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  • Writer's pictureilzeduarte

Why I translate literature from Portuguese to English only

Updated: Nov 4, 2022

I was born and raised in Brazil. My great-grandparents were Portuguese and Italian immigrants, and I grew up speaking Portuguese and learning a few phrases in Italian from my grandmother (Mangia che te fa bene! Piano, piano si va lontano.). I attended public schools, where I received excellent instruction in the Portuguese language and Brazilian literature. We read José de Alencar, Machado de Assis, Aluísio Azevedo, Cecília Meireles, Rachel de Queiroz, Érico Veríssimo, Mário de Andrade, Graciliano Ramos, and others.

Language and languages have always fascinated me. In middle school, I started taking English, the only foreign language offered at the time. I loved it so much I ended up majoring in English Language and Literature in college. We read Chaucer and Shakespeare (terribly challenging for someone whose proficiency in English was still developing), Hardy, Fitzgerald, Hemingway, Greene, Frost, Whitman, Thoreau, Wilde, Poe, Dickinson, Woolf, Cummings, and others. After my bachelor's degree, I completed a two-year program in English/Portuguese translation. As much as I loved literary translation, I knew that at that time in my life I wasn't equipped to pursue it as a career. I had been teaching English for a couple of years by then and continued doing so, as I enjoyed the work and the opportunity it gave me to continue improving my language skills.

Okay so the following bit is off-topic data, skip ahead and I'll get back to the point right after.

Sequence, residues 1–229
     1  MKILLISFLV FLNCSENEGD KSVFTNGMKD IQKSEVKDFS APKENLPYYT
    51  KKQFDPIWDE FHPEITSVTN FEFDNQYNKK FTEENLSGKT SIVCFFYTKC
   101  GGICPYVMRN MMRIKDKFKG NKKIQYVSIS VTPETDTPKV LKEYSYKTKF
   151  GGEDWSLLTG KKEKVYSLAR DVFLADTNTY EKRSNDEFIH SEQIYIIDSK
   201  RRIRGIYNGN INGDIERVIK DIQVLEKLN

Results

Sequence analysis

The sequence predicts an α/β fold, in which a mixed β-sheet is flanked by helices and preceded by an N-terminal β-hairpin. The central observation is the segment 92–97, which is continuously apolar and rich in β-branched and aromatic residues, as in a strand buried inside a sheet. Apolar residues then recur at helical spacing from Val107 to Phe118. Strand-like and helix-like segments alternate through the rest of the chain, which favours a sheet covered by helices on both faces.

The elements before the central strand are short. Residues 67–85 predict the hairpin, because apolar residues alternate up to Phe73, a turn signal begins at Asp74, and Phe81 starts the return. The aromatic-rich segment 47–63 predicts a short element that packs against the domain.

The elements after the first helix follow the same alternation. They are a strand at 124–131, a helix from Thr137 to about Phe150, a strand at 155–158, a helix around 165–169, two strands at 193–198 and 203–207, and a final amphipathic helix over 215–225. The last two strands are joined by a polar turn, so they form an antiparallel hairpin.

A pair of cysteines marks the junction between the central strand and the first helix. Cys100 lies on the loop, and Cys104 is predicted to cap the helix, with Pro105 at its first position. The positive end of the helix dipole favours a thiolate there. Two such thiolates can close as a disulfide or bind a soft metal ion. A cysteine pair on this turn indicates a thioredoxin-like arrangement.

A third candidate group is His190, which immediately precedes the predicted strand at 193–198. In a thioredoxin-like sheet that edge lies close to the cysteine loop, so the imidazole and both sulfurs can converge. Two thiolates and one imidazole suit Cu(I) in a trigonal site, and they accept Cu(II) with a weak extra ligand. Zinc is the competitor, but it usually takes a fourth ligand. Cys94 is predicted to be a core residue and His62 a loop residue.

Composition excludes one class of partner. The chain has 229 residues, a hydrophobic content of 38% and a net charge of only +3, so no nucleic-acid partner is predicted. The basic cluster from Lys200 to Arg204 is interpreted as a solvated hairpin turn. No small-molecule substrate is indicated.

I came to the U.S. for graduate school and earned a master's degree in Teaching English as a Second Language and a Ph.D. degree in Speech Communication with a specialization, again, in Teaching English as a Second Language. I became a permanent U.S. resident, then a U.S. citizen. I continued teaching English to speakers of other languages and teacher education courses at colleges and universities in the U.S. I raised my children here. I have now lived in the U.S. longer than I ever lived in Brazil.

A professor in my undergraduate program used to say you can only pray, swear, and count in your first language. That hasn't been my experience. I am not religious and don't pray, so I will substitute "pray" with "dream." I count and swear in English and Portuguese in comparable amounts and frequency, though I dream mostly in English, probably because in my daily life I am immersed in English. I have gone back to Brazil regularly to spend time with relatives and long-time friends. I have kept up my Portuguese, learned new slang and expressions over the years, and remained attuned to the culture and sociopolitical climate of my country of origin. I am fully bilingual and a strong writer in both languages.

So why do I translate literature from Portuguese to English only?

I just looked up the website of a large bookseller in Brazil. Of the almost thirty titles advertised on the homepage, three--three!--were written originally in Portuguese: two reference books and one work of fiction by a Portuguese author. No books by domestic authors appear on the homepage of a Brazilian bookseller! Brazilian literature is so vast and so rich. The absence of domestic titles on a Brazilian bookseller's website is a silence that screams bloody murder to me. It is a very sad state of affairs.